It’s cold…. I mean really cold! And I am not even a meteorologist but I did stay at a Holiday Inn last night.

One thing that warms my heart in this frigid weather is the reminder that on Jan. 4 in this New Year of 2014, I celebrated the fourth anniversary of my installation as the 11th Archbishop of Milwaukee.

I know it maybe a cliché but, “Where did the time go?” Charles Dickens’ novel, “A Tale of Two Cities,” begins “It was the worst of times, it was the best of times.”

There are many events that have happened to us as an archdiocese in the last four years. Some have furthered our faith and strengthened us as a church; others have challenged us to live more fully the faith we profess recognizing our failures.

After spending a year adjusting to the new surroundings, learning names, getting my bearings in the directions to parishes and integrating the history of the archdiocese, I decided on my first anniversary to declare bankruptcy.

I did this in consultation with various experts after analyzing our position and acknowledging the failure to reach a resolution in our attempted mediation with the plaintiffs’ attorney (Oct. 2010).

This was a serious move, approached with confidence in God and prayer. I needed to rely on the great faith of the people of the archdiocese and build on the commitment made by so many in the past which created the greatness of this archdiocese.

The pastoral letter (January 2013) “Who do you say that I Am” was in a certain sense a reminder of the greatness achieved by the priests, religious sisters, brothers, deacons and lay faithful. Armed only with the Gospel, they built the archdiocese and established its proud history.

I was privileged to receive the pallium (June 2010) from Benedict XVI and then returned to Rome (February 2013) for an ad limina visit, a report to the pope on the state of the archdiocese. Along with other Milwaukee pilgrims, I stayed to attend the consistory at which my predecessor, Archbishop Timothy M. Dolan, was elevated to the College of Cardinals.

In July 2011, I was honored to ordain Bishop Donald J. Hying as our auxiliary. It is truly a unique privilege as a bishop to ordain men to the priesthood and diaconate, but it is a rare occasion to ordain another bishop which means passing on the apostolic succession. I am grateful to the Holy See for choosing such a wonderful auxiliary as Bishop Hying.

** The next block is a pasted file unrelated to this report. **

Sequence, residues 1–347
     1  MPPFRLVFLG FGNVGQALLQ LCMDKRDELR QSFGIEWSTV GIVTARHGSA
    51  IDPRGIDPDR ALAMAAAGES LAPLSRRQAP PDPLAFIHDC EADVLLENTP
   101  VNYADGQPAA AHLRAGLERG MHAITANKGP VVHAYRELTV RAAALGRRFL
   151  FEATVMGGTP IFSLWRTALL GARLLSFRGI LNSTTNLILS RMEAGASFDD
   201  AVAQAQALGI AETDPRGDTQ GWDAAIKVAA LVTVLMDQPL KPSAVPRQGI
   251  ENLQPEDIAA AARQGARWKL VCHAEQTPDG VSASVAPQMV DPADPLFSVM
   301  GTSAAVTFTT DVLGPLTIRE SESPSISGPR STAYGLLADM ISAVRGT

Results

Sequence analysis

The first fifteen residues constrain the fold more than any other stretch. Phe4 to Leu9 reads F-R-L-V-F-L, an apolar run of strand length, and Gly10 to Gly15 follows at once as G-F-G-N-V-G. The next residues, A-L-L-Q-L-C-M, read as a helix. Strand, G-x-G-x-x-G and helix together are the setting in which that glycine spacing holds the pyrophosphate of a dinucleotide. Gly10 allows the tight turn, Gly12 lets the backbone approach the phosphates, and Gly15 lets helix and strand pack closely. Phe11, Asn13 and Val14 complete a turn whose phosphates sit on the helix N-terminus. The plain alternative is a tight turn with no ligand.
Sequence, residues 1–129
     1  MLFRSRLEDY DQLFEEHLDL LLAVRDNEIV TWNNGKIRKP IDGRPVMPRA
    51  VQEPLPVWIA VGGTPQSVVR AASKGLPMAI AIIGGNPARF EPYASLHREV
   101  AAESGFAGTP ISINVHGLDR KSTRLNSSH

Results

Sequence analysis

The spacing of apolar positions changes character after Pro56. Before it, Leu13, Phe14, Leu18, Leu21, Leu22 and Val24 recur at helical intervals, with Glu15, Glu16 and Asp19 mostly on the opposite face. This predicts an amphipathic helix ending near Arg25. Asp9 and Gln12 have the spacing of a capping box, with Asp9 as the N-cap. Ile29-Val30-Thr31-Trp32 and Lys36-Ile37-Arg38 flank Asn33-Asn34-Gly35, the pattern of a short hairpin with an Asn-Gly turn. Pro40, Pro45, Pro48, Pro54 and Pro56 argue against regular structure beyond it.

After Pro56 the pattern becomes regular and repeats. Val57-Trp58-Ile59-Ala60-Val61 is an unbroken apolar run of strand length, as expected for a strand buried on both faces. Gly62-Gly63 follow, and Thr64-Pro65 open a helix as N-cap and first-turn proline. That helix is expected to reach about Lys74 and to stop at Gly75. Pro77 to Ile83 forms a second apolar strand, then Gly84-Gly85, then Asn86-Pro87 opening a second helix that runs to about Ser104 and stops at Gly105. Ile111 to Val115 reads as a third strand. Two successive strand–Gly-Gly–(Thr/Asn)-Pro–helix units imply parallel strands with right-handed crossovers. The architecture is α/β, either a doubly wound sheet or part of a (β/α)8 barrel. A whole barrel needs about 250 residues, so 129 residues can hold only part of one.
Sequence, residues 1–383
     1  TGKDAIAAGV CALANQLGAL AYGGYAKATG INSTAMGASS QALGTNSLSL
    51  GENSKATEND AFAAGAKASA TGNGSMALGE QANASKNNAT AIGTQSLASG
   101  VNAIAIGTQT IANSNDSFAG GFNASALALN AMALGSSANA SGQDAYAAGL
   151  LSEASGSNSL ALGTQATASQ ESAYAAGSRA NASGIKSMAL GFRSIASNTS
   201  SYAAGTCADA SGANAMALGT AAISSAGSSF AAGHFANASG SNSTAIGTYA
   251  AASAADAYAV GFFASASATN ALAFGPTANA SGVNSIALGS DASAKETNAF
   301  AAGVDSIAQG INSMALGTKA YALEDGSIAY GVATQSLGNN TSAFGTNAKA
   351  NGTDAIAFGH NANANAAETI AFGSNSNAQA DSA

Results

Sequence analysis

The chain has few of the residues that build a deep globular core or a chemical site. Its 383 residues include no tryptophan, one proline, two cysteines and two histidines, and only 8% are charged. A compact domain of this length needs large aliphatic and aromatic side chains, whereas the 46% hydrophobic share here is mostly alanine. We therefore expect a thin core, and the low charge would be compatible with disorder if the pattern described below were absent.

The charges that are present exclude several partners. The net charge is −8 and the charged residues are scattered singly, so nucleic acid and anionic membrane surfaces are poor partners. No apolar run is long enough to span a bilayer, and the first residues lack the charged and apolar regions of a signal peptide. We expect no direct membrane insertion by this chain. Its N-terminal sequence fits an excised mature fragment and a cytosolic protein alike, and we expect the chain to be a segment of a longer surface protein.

So many major gatherings, confirmations, anniversary celebrations, meetings with religious have offered me an opportunity to encounter the living faith and share in the struggles of courageous men and women.

Our evangelization summit which percolated with enthusiasm signaled a new era of outreach. Our youth ministry summit highlighted the collaborative efforts of young men and women dedicated to serving the youth and sharing and preserving the faith.

Our attention to the greater global needs with the work of our missions, especially in our relationship to La Sagrada Familia in the Dominican Republic which I visited in 2012, Catholic Relief Services and parish commitments to serve the poor, are signs of the Gospel being lived.

Those involved with the pro-life movement have recognized our responsibility to the unborn and are willing to witness to a society indifferent to life. I was proud to march in Washington in January 2013 with brothers and sisters in this movement and will offer Masses this year in support of the March.

The dedicated ministers who work in the area of marriage and family life ministries assist couples to understand the need for the transcendent in the love that is shared. I support them in their crusade to strengthen marriage and family life against the cultural attacks they experience in our society.

The plan for an archdiocesan Synod was announced on Pentecost 2013. I am excited about having our people participate in envisioning our future. I look forward to Pentecost 2014 and the combined efforts of our delegates.

It has been four years and I can testify I have witnessed saints in the making in the lay men and women of our archdiocese, our bishops, priests, deacons and religious. I want you to know that you are the reason I fell in love with our church and you are the reason I am so hopeful.

In the last four years, I have grown four years older so I say to you what Robert Browning wrote in his poem, “Rabbi Ben Ezra”:

“Grow old along with me! The best is yet to be, the last of life, for which the first was made. Our times are in His hand who saith, ‘A whole I planned, youth shows but half; trust God: see all, nor be afraid!’”
Thanks for helping me to know Milwaukee as my home.